Herald, lift your bugle! The gods have come!
The Well of Crystal Sound
Two nights to New Moon
Using magic to travel via doorways through the spaces, insubstantial as a breath of wind, faster than light, they materialized in the clearing.
Like to Drasso and his kind, when they sought entrance through the barrier of the space warp surrounding Valaris skies, it proved assailable then and it proved so now; the warp was no barrier to real magic, and thus not to them.
Belun of the Centuar arrived first and grinned as he landed. Time for action! His golden tail raised high in challenge and swished gracefully. When physical battles were enjoined Centuar plaited their tails in intricate patterns, the symbolism of war. Belun’s eyes were silver with dark blue pupils contracting and expanding in light and dark. His glorious wings, folded now, glinted in the sunlight, a shimmering palette of gold and silver.
He was a magnificent sight. Let it be said here a Centuar is not a Centaur, confusion for those who do not know the truth. A Centaur is a myth, and may even be real in the back ends of time, for myth frequently has basis in reality, but a Centuar is of the universe, part of time and history and reality, a created legend that continues to breathe and function, think and act. Belun, if one dared query the distinction, would snap at one for confusing one with the other.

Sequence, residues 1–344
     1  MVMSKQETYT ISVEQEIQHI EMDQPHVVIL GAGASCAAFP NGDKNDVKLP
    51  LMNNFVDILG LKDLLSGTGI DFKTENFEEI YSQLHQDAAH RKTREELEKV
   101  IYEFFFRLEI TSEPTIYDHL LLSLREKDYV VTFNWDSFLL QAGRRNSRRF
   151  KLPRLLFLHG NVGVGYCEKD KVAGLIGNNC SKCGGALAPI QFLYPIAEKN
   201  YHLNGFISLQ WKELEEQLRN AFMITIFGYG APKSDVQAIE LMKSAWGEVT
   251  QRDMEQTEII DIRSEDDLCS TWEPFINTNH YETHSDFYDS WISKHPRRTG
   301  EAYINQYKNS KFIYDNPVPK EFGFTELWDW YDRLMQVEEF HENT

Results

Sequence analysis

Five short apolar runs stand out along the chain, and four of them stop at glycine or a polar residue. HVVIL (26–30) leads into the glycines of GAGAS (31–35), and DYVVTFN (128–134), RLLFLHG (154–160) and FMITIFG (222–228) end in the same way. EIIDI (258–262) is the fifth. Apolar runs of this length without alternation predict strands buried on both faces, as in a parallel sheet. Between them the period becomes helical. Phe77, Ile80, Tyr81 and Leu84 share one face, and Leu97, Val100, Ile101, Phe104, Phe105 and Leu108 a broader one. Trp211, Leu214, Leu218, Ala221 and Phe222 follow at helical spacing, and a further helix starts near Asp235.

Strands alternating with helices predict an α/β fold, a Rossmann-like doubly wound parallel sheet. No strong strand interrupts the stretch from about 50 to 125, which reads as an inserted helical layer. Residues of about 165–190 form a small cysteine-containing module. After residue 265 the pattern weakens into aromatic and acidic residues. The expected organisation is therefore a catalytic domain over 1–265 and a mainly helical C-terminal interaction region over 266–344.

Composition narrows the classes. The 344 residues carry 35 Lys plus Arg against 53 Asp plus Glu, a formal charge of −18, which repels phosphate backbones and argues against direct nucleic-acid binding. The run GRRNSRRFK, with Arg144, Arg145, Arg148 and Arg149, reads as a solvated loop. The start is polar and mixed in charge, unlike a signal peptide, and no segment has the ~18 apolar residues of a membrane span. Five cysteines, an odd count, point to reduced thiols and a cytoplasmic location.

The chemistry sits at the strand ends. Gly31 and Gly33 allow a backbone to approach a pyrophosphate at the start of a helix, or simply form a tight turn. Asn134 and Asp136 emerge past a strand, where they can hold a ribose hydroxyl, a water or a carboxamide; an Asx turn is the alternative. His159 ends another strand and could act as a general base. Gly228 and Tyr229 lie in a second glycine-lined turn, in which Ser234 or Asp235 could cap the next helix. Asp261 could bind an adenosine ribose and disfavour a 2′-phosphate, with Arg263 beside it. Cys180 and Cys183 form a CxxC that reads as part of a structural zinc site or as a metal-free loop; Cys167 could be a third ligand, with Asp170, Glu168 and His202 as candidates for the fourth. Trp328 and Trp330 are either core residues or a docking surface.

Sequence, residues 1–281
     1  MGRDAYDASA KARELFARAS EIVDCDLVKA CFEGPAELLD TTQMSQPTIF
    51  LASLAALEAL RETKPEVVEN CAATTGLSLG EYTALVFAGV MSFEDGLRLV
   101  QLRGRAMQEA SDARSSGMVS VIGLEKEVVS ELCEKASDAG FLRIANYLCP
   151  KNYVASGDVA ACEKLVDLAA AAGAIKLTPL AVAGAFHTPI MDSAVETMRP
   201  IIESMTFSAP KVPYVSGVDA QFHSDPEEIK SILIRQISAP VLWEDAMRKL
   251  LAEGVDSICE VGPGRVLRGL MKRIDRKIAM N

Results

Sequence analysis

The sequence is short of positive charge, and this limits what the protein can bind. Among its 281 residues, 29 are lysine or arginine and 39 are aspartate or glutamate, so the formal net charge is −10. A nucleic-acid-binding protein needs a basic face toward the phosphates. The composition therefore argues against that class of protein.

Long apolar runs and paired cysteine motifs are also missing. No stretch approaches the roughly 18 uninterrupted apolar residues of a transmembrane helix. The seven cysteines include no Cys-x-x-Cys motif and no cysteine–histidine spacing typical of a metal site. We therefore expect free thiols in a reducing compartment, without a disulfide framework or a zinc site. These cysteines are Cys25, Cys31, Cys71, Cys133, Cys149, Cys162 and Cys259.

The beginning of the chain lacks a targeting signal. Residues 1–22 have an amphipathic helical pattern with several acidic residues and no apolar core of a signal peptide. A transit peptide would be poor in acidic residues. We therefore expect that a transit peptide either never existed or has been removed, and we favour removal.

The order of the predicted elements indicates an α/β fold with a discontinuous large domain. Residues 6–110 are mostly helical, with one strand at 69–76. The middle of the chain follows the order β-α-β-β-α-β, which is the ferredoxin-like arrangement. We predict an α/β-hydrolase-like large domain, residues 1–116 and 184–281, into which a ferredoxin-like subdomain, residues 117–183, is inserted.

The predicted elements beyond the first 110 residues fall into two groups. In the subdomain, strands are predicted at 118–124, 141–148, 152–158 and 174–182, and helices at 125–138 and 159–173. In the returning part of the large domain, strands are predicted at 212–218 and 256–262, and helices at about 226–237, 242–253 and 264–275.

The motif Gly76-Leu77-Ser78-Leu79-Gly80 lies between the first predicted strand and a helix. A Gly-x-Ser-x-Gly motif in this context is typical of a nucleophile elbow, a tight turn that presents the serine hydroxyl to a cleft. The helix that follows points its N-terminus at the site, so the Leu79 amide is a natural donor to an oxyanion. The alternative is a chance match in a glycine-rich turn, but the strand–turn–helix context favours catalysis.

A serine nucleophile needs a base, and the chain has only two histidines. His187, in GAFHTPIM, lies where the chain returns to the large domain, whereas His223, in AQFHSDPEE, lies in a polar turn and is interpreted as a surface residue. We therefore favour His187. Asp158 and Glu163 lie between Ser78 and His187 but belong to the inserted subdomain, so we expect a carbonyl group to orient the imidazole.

Glint of the Sagorin and Llettynn of the Siric arrived simultaneously. Llettynn was in his usual white attire, wings folded sedately. Glint, whose skin tone was a paler green than his companions, had divested himself of eye-catching amber to don shades of olive that blended with the Forest; even his boots were khaki, which Belun smirked at, and only his hair relieved the severity of camouflage. It hung loose, long and enviably thick, the purest white.
Saska of the Sylmer appeared three seconds after, appearing closest to the Well. She complemented Glint in her forest tones, but swapped elven slippers for sturdy hiking boots and her tinkling bracelets were missing. A broad leather strap adorned her left upper arm, studded with crimson, sapphire and saffron gems.
Taranis, having ascertained his team’s safe arrival, came last, materialising at the edge of the clearing, his muscular form clad in grey, the colour of concealment.
He strode forward to meet up at the Well of Crystal Sound.
“What now?” Glint asked, gaze travelling the perimeter of the clearing. It was a tranquil place.
“Now we wait for the nine humans,” Taranis replied. “Two moonless nights still remain.” He, too, absorbed the surroundings.
We could have delayed our arrival and used the time to investigate other factors, Belun communicated.
“We need acclimatize,” Llettynn pointed out. “This is an oxygen rich planet, which makes us heavier. Remember how slow we were during that first confrontation with Drasso?”
“It’s no joke,” Glint grumbled. “I feel like a giant.”